South to North

We have set off from our South coast home in Dorset in the UK to go up country to the farthest North on this [or these] islands, which is to say, to Shetland. In doing this we are leaving behind the best spell of warm weather we’ve experienced this year and will be swapping it for coldish temperatures and probable rain and gales. We’ll be taking a series of ferries to get to what is, in fact a series of islands, first Orkney, then the Shetland Isles.

We’ve made it almost to Preston [northern England, Lancashire] for our first night, in a pub car park. Our willingness to commit to buying meals in the pub gets us a night’s stay, although it’s no hardship! Already the weather has cooled, the sun gone. The day’s travel has been all on motorways, motoring to get the miles done on frantically congested roads clogged with huge lorries belching fumes; most routes mired in roadworks which slow the flow. The lorry drivers, dogged by rigid schedules, drive aggressively and angrily and are horribly intimidating!

Our second day of travel takes us far up into Scotland and while it’s still motorway to begin with, it’s quieter and less fraught. We whisk through the Lake District, treated to beautiful views there and beyond, the landscape widening out, hills dotted with sheep, homes few and far between, although it’s hard to find a place to park for lunch after we leave the motorway.

We skirt Edinburgh and cross the uber-modern Forth Bridge then forge on to Perth, where there’s time for a look around. It’s elegant, with fine Georgian terraces of grey granite and a pleasant centre, cafes and bars with outside seating. There’s an extensive park and the River Tay flows along the side of the town. Then we’re off to our site just on the outskirts.

The third day’s driving is the most spectacular, with a journey through the Highlands towards Inverness then onwards North. It’s a long day but we drive through wild landscapes dotted with tiny, stone, bothy homes and rushing, boulder strewn streams; many of the highest mountains still have pockets of snow, even now in mid-June. We pass Pitlochry, famous for its theatre and Aviemore, famous for skiing then we’re crossing the Moray Firth and futher on, the Cromerty Firth, where a forest of oil rigs can be seen, ant-like in the distant estuary.

We are heading for Thurso but opt for a detour to John O Groats due to its status as furthest North on the mainland. The road narrows and the hillsides are a mass of golden gorse as we follow the coastline, until at last we turn towards John O Groats and join a throng of others enjoying the late afternoon sun at the edge of the UK.

Then we must head off to our site, at Thurso, where our pitch faces out across the bay with a grand view of the Orkney Islands and a cracking sunset. and tomorrow there’s a ferry to catch…

Grace is also known as the novelist, Jane Deans. Her new novel, The Conways at Earthsend is now out and available from Amazon, Waterstones, Goodreads, W H Smith, Pegasus Publishing and many more sites. Visit my author page on Facebook: (1) Jane Deans, Novellist, Short Fiction and Blog | Facebook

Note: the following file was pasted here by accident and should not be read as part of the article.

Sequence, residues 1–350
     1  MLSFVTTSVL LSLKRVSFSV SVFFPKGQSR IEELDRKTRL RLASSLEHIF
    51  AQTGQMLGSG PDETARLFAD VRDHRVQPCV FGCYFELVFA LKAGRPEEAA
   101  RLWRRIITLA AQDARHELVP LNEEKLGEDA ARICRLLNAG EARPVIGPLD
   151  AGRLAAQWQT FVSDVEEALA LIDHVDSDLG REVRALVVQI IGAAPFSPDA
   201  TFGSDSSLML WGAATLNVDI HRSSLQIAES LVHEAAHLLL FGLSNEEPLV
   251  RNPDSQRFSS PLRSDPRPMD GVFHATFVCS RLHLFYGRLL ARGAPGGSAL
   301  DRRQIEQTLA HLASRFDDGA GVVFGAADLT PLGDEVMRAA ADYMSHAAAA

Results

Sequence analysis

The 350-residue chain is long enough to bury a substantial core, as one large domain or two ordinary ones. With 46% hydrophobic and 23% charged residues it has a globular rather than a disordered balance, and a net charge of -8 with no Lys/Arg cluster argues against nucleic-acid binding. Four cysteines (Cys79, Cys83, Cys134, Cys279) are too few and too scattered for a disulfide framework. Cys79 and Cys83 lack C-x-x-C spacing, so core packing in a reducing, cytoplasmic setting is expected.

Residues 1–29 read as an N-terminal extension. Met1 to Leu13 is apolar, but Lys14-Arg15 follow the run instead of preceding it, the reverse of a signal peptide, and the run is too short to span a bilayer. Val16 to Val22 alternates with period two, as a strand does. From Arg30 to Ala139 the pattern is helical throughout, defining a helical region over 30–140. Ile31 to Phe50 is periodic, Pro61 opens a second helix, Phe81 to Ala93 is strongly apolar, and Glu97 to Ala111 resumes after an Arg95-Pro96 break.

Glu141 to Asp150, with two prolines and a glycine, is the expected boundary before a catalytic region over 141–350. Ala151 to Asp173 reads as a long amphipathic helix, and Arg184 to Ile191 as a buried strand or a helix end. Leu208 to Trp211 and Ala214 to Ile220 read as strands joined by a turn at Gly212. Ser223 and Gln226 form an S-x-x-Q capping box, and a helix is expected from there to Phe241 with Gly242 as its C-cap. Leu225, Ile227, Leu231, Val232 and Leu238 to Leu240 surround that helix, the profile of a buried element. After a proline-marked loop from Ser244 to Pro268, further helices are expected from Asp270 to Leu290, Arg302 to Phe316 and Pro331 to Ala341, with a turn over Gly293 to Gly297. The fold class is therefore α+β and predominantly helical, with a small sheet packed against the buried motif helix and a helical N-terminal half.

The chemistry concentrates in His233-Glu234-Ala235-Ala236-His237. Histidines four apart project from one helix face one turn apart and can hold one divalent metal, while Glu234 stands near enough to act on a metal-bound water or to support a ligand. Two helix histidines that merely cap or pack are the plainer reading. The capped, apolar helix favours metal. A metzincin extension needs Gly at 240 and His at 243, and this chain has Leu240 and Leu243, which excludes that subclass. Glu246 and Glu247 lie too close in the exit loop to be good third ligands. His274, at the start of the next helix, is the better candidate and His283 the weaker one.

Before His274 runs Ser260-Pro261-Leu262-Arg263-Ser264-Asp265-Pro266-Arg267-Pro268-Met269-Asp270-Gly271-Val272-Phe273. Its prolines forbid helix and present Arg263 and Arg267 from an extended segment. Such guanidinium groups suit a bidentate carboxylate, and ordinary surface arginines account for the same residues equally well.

The Ups and Downs of the Highlands


We moved on, north from Glasgow towards the Highlands and the lochs [lakes], driving through suburbs crammed with beautiful sandstone mansions; first to Loch Lomond, Bannoch and Bannoch Castle. We are limited, at this time of year to sites that are open, yet many are-and all boasting five-star provision.

The castle [pictured above] is picturesque enough in its setting but all that visitors can see of the interior is a torn lace curtain.

Since Glasgow I’d been mentioning to Husband that a faint, high-pitched whine drifted intermittently through our vehicle, a comment that he dismissed in his customary airy fashion.

Loch Lomond, immortalised in song, surrounded by hills and adorned with small leisure craft and a steamer is of course beautiful, although Balloch village is nondescript, apart from some droll touches:
p1060647Having spent the night in Balloch’s excellent site we moved on and towards Loch Ness while I puzzled over the fizzing, crackling sound that appeared to come from the passenger side air vent.

There was little in the way of grocery stores but a plethora of farm shops indicated that my lust for pies might be about to be satisfied and it was. After our visit I concluded that if we lived in the vicinity of such a shop we’d be a] bankrupt in a very short space of time and b] obese.

Back in the van with the spoils the fizzing noise began to be accompanied by a burning rubber aroma, which even dismissive Husband admitted smelling. There were no indicator lights on the dashboard but we halted while Husband peered into the engine. Nothing amiss. We continued, as did the fizzing and the smell. There was a short stop to see ‘The Falls of Falloch’:


Then we stopped to consume ‘Scotch’ pies here:


At last we came along the Caledonian Canal side and to the shores of Loch Ness, check-in, plug-in and Horrors! 

The leisure battery under the passenger seat was too hot to touch! This was certainly where the smell had originated. No more plug-in as everything needed to be switched off; no lights, no water, no cooker, no heat-no heat? The temperature was -6C and a light dusting of snow. From Reception I got the number of a motorhome specialist in Inverness. We prepared to vacate and trek up to a hotel in the village. Then the mobile repair fellow messaged to say he’d be with us at 6.00pm.

There was an anxious wait, but he arrived, managed to isolate the offending battery, leaving us with 2 that continued to function and informing us that the stench was of noxious boiling sulphuric acid and very, very dangerous. Lovely. We’d been breathing it in all day. Ho hum…

Thanks to the cheerful, able mobile repair fellow we could plug in, get warm and be lit, waking next morning cosy and snug and to this view: